Will Insurance Cover a No-Contact Motorcycle Accident in North Carolina?

No-contact motorcycle accidents are not only a dangerous and frightening experience but can also lead to significant confusion when it comes to insurance coverage. Understanding how these accidents differ from typical collisions and how they’re treated under North Carolina’s insurance and liability laws is crucial for motorcyclists. In this blog post, we will explore the various types of insurance coverage that may apply in no-contact motorcycle accidents, as well as tips for proving liability and navigating the claims process.

Understanding No-Contact Motorcycle Accidents

Definition and common causes

A no-contact motorcycle accident occurs when a motorcyclist loses control and crashes due to the actions of another motorist, even though there is no direct contact between the vehicles. Common causes of no-contact accidents include swerving to avoid a suddenly stopped vehicle, reacting to a driver’s erratic behavior, or being forced off the road by an encroaching vehicle.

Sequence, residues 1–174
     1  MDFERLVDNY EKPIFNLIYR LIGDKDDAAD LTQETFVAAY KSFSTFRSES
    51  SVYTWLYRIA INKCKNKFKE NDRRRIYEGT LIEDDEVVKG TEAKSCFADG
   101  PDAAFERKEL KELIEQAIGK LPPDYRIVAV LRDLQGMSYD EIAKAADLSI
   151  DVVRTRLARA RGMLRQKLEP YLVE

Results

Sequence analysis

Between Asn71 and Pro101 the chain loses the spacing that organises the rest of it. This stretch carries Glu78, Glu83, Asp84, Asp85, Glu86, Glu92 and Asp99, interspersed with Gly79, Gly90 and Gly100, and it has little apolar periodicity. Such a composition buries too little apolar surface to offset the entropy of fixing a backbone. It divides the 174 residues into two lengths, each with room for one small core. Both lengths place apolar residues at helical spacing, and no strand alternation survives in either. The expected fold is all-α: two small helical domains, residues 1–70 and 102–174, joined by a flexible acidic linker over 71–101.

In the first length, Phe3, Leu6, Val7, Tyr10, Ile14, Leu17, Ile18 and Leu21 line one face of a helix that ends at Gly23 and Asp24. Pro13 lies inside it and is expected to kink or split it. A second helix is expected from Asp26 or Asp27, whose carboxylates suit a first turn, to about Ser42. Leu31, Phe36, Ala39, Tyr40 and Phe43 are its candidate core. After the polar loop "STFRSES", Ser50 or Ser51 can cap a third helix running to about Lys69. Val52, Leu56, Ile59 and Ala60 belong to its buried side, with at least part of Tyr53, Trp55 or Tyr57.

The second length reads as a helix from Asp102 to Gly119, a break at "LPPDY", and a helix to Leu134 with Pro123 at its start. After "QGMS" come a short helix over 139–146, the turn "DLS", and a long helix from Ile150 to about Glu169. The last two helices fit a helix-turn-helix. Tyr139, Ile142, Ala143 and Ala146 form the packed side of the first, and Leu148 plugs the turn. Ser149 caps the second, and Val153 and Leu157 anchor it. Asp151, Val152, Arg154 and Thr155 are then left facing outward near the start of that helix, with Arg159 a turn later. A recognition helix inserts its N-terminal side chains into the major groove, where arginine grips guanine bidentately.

How they differ from other types of accidents

No-contact accidents differ from contact accidents in that there is no physical collision between the vehicles involved. This distinction can make proving liability more challenging, as there may be less physical evidence to support the motorcyclist’s claim. Additionally, the at-fault driver may be unaware of the accident and may not stop to provide assistance or exchange information.

North Carolina’s Insurance and Liability Laws

Will Insurance Cover a No-Contact Motorcycle Accident in North Carolina?

At-fault vs. no-fault states